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UC Santa Cruz Academic Workers to Strike Over University's Treatment of Pro-Palestinian Protesters

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Two college-age students hold up signs that say 'Divest' and 'stop bombing Gaza.'
Protesters at UC Berkeley call on the university to divest from companies supporting Israel and to support a call for a cease-fire in Gaza. (Aryk Copley/KQED)

Union leaders on Friday called on academic workers and researchers at UC Santa Cruz to walk off the job starting Monday, which is likely to be the first of a series of strike actions from union workers at the University of California campuses.

The strike announcement comes just days after members of UAW 4811, which represents about 48,000 graduate students and academic workers across the University of California system, voted to authorize a rolling strike in response to the university system’s recent handling of pro-Palestinian protests on campuses.

“We’re now calling on the first UC campus to stand up,” UAW 4811 President Rafael Jaime said in a video, urging all UCSC members in the union to stop any academic teaching and research work starting Monday. He did not say how long they would be on strike, though it could last through June when the school term ends.

“And for everyone else across the state, stand by and prepare to stand up if your campus is called,” said Jaime, who is also a Ph.D. candidate in UCLA’s English department, at the end of the video.

While union leaders have said they plan to “maximize chaos” through which campuses are called on to strike when, it’s unclear whether other campuses will soon follow UC Santa Cruz.

Union members are alleging their rights have been violated in the crackdowns on pro-Palestinian protests on campuses. That includes at UCLA, where police earlier this month declined to intervene when counter-demonstrators attacked pro-Palestinian protesters but then proceeded to violently break up the same encampment and arrest more than 200 activists less than two days later. Most recently, another 47 pro-Palestinian protesters at an encampment at UC Irvine were arrested this week.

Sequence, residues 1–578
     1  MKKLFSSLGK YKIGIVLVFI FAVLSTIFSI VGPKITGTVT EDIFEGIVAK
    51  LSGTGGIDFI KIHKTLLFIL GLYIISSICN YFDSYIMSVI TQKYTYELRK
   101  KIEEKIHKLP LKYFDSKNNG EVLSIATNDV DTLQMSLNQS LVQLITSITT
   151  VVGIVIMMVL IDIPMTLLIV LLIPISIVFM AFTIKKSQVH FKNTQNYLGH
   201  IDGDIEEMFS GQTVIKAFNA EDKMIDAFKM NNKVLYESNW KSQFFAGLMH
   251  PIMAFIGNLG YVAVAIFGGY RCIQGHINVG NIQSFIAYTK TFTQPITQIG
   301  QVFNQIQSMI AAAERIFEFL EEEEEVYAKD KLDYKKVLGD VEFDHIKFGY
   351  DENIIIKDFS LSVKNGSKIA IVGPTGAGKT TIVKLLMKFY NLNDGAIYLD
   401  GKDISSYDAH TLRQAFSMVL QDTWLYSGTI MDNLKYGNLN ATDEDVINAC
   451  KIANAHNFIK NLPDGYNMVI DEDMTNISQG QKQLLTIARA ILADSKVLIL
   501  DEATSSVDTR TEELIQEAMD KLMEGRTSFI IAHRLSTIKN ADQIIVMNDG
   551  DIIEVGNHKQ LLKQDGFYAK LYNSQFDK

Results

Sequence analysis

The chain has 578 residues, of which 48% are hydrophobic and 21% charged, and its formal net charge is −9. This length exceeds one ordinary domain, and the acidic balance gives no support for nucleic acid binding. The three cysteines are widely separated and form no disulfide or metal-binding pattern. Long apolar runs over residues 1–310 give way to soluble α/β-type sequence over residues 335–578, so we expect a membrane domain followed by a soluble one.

“The university has committed a number of unfair labor practices. At the heart of them is our right to free speech and peaceful protest,” said Tanzil Chowdhury, a graduate student instructor at UC Berkeley, who is on the union’s executive board. “We’ve seen that the university has used repressive and violent tactics to infringe on our right to free speech and the health and safety of our members.”

Pro-Palestinian encampments are still in place at UC Santa Cruz and several other UC campuses.

At UC Berkeley, however, school officials took a notably different tack, refraining from involving law enforcement in dealing with a large pro-Palestinian encampment in front of Sproul Plaza that remained in place for nearly a month. Earlier this week, organizers began dismantling the encampment following a meeting and agreement with school officials. UC Berkeley Chancellor Carol Christ said, in a letter (PDF), that the university would take steps to review its investments to make sure they align with its “core values” and also pledged to develop a transparent process for assessing whether any of its global exchange and internship programs are out of step with the UC Anti-Discrimination Policy.

The strike authorization, sanctioning the union executive board to call on individual campuses to strike between now and June 30, passed with 79% of the vote, according to union representatives.

“Thousands of our members came out to vote,” Chowdhury said. “It’s a show of just how much energy and support there is.”

UC officials maintain that such a strike, however, would be unlawful because it would violate the existing contract with the union — and have warned that anyone who participates will face repercussions.

The University of California also filed an Unfair Labor Practice charge against the union on Friday.

“Given UAW’s publicly stated position and the subsequent potential impacts on our students and campuses, we are forced to take decisive action to ensure we can continue to fulfill our fundamental missions of teaching, research and public service,” Melissa Matella, UC’s associate vice president for systemwide labor relations, said in a statement.

Meanwhile, the Academic Senate has also provided faculty members with guidance to minimize course disruption (PDF), according to a spokesperson for the UC Office of the President.

Organizers and union leaders said the UC system could stop these ongoing strikes by addressing their concerns.

“One of the ways that the university can achieve that is by choosing to de-escalate and instead negotiate over the urgent moral concerns that many of the protesters have brought,” Chowdhury said.


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